A&E

Never been to Utah Shakes? Read this, then gas up the tank

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To drive or not to drive to Cedar City. Is it even a question?
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It’s time for another round of deceit, jealousy, murder, rape and raucousness in Southern Utah, where mirth, revenge and all-around Elizabethan-era pranksterism take over Cedar City each summer. The Tony Award-winning Utah Shakespeare Festival is a popular draw for Las Vegas Valley residents, but there are plenty who’ve never made the 170-mile trek. We offer a list of reasons, aside from the cooler temperatures, to check it out.

The Details

Utah Shakespeare Festival
June 21-October 20, Cedar City Utah, bard.org

Drama: The acting, of course, is fantastic, as are the stage sets, costuming and play selections. This year’s lineup: The Merry Wives of Windsor, Mary Stuart, Titus Andronicus, Scapin (modern adaptation), To Kill a Mockingbird, Les Misérables and, later in the summer, Hamlet and Stones in His Pocket.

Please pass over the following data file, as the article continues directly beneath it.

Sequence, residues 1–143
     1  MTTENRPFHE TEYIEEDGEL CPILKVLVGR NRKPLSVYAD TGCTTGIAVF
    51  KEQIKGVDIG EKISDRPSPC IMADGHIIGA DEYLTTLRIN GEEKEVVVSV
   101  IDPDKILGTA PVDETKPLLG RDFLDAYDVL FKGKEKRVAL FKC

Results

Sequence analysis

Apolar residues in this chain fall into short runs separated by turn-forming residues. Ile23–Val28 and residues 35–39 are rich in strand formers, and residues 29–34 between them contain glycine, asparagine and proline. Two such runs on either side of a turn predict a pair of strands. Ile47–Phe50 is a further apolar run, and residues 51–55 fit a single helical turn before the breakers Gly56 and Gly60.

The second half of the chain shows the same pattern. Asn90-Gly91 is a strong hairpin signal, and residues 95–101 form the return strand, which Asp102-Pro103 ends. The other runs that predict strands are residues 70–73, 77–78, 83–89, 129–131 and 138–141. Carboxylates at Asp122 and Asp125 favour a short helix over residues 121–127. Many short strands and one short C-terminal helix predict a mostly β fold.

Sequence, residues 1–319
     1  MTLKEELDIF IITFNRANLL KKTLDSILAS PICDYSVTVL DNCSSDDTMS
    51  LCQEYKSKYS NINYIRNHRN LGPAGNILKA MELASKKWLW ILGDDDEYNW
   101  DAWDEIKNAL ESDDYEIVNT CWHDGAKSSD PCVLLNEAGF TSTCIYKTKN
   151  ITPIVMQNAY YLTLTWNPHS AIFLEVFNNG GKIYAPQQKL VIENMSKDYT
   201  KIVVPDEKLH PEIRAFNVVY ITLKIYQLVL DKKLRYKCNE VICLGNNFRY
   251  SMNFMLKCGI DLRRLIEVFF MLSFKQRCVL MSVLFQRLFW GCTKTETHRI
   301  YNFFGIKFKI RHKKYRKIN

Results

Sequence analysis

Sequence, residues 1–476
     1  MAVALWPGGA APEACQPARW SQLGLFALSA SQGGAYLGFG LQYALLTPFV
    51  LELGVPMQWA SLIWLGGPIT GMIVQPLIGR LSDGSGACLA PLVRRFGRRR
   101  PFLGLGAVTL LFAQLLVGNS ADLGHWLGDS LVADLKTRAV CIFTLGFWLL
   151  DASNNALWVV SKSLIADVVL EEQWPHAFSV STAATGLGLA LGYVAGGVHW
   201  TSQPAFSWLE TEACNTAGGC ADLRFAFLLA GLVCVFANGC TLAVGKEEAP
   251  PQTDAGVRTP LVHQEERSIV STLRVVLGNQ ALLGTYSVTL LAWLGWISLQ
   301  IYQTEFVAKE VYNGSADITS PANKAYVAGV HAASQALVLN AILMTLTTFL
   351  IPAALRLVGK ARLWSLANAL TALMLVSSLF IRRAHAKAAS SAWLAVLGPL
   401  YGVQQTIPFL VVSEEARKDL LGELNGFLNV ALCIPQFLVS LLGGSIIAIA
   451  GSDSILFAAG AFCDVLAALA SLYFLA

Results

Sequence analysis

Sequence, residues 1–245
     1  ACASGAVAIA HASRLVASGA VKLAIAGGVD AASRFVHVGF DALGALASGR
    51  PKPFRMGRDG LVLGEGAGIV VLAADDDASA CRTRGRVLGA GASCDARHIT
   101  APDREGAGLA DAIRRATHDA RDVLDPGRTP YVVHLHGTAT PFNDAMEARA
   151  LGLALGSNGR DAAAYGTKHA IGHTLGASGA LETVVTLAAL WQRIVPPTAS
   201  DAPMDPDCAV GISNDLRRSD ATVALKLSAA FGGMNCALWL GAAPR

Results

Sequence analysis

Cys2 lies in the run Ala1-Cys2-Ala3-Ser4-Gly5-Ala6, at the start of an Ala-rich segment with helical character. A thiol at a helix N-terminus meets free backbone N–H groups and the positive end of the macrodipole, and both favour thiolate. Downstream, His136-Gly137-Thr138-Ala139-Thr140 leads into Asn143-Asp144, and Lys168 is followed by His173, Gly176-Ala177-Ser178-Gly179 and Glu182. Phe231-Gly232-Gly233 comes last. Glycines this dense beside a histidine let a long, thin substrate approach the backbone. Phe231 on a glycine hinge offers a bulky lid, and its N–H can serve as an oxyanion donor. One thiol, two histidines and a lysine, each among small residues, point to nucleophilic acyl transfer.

Brush with 16th century royalty: So there I was last summer, standing next to food vendors, when Queen Elizabeth I strolled into the crowd, pale-faced and dressed to the nines with a crisp white ruff topping her bodice and kirtle, both made of ornate fabric and adorned with a pearl necklace and gold pendant. Her red hair, braided around the brow and curly on the crown, was topped with a headpiece connecting to a long ivory veil flowing down her back. A-mazing.

Literary seminars: The lectures, seminars and group discussions on literary topics are always a gas. The festival offers an assortment to discuss the plays, with occasional directors and actors dropping in.

Fossilized shrimp: The small collection at the Garth and Jerri Frehner Museum of Natural History at Southern Nevada University is not to be overlooked—fossils, minerals, taxidermy (including a moose and Siamese calves) and archeology fill out the new space, which sadly is only open Monday through Friday, so you may have to opt for weekday Shakespeare productions.

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